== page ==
Cavanaugh makes campaign visits in Valley and Lanett
Published 6:17 pm Wednesday, July 24, 2019
LANETI — Alabama Public Service Commission President Twinkle Cavanaugh stopped by city halls in Valley and Lanett on Monday while making visits to local officials in east Alabama. Cavanaugh was elected president of the PSC in 2012, reelected in 2016 and will be seeking an additional term in 2020.
The Alabama PSC is composed of three elected members, a president and two associate commissioners. They run statewide in partisan elections with each serving a four-year term. The president is elected in the cycle of U.S. presidential elections with the two associate commissioners being elected during the U.S. midterm elections. Chip Beeker Jr. and Jeremy Oden are the associate commissioners. All three are Republicans.
Cavanaugh said she is talking about efficiency in government during her community visits.
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“I was in Lee County this morning and will be in Randolph County later today,” she said. “I am trying to visit every county in the state and talk to people about their concerns. If you don’t talk to the citizens, you can lose touch with what matters to them.”
Cavanaugh said that since 2012 the PSC has lowered the rate of return on all utilities in the state.
“I campaigned on cutting the size and cost of government,” she said. “We have reduced staff from 110 to 72 and cut the number of vehicles by half.”
Cavanaugh said she’d never forget making a trip to the Valley when she was a student at Auburn University.
“I made a trip to the WestPoint Stevens Mill Store,” she said. “I remember purchasing a peach-colored matching twin-bed spread for $19. My mother was very frugal and told me not to spend more than $20 at a time. That spread was perfect for me.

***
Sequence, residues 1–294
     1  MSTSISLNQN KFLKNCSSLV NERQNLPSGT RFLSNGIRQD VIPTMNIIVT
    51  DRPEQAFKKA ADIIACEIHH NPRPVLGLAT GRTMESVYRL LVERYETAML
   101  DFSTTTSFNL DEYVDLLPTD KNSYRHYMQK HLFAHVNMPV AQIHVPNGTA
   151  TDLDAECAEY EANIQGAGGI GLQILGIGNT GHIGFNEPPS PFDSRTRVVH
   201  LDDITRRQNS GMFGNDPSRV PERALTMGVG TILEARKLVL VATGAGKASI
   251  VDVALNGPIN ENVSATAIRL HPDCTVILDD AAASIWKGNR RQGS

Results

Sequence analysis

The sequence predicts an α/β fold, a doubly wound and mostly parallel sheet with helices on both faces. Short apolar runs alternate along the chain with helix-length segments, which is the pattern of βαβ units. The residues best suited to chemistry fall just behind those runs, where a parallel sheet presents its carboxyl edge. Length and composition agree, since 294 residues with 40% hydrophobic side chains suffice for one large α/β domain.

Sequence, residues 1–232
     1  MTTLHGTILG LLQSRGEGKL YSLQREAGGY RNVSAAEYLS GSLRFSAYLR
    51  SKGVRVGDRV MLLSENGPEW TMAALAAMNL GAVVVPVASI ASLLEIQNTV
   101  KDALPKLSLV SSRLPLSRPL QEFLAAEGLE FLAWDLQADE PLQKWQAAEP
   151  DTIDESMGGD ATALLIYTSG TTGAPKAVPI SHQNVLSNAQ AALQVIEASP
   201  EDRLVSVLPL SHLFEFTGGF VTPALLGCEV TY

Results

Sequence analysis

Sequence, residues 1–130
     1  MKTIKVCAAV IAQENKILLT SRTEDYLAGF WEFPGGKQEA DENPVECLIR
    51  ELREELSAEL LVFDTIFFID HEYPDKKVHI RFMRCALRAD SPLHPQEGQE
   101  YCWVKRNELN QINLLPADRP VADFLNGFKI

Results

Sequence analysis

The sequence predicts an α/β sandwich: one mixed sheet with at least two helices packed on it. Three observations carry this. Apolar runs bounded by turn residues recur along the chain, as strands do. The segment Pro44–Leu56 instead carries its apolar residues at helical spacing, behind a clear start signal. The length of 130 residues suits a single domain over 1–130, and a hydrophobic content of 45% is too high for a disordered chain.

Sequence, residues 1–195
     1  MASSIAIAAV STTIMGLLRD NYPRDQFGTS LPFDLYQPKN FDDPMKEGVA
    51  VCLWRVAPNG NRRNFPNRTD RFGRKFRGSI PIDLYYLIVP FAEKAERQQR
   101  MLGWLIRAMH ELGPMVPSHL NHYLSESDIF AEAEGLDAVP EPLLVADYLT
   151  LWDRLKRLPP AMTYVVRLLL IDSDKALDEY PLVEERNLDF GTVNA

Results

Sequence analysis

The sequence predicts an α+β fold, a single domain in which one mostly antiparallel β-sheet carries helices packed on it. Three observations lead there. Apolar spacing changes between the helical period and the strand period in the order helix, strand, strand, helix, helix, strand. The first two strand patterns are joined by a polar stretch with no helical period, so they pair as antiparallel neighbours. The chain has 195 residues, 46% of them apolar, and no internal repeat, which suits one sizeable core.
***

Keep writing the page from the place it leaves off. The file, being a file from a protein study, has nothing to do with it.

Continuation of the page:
”One thing Cavanaugh is known for is her campaign signs. She became a trend setter back in 2012 with the larger-sized ones. Everyone’s using them now.
“We put 10,000 of them all across the state,” she said. “We were on a low budget and managed to do a lot with a little. I love political signs. I call them flowers of democracy blooming all over our state.”
Cavanaugh was motivated to seek high goals by an eleventh grade math teacher she had at Jeff Davis High School in Montgomery.
“She told me I’d never graduate from college unless I changed my first name,” Cavanaugh said. “I admit to having had a hard time growing up with it, but it’s the name my mother gave me, and I’m proud of it.”
In December 2012, she was at a GOP meeting sponsored by the Farmers Federation. Newly elected Republican candidates were being introduced by Karl Rove.
Cavanaugh was accompanied on her three-county trip by State Reps. Debbie Wood and Bob Fincher.
Fischer said that Chambers County had been undergoing a remarkable transition since the final offshoring of WestPoint Home jobs in 2008.
“A great job has been done in the way of new job creation,” he said.
The PSC was established by an act of the Alabama Legislature in 1915 to primarily replace the State Railroad Commission. The PSC’s responsibility was expanded in 1920 to include regulating and setting rates that utility companies charge their customers for electricity. The legislature expanded the PSC’s responsibilities in later years to include those companies that provide gas, water and communications, as well as transportation common carriers such as trucking and air carriers. The PSC effectively determines the rate of profits that most of these companies are allowed to earn.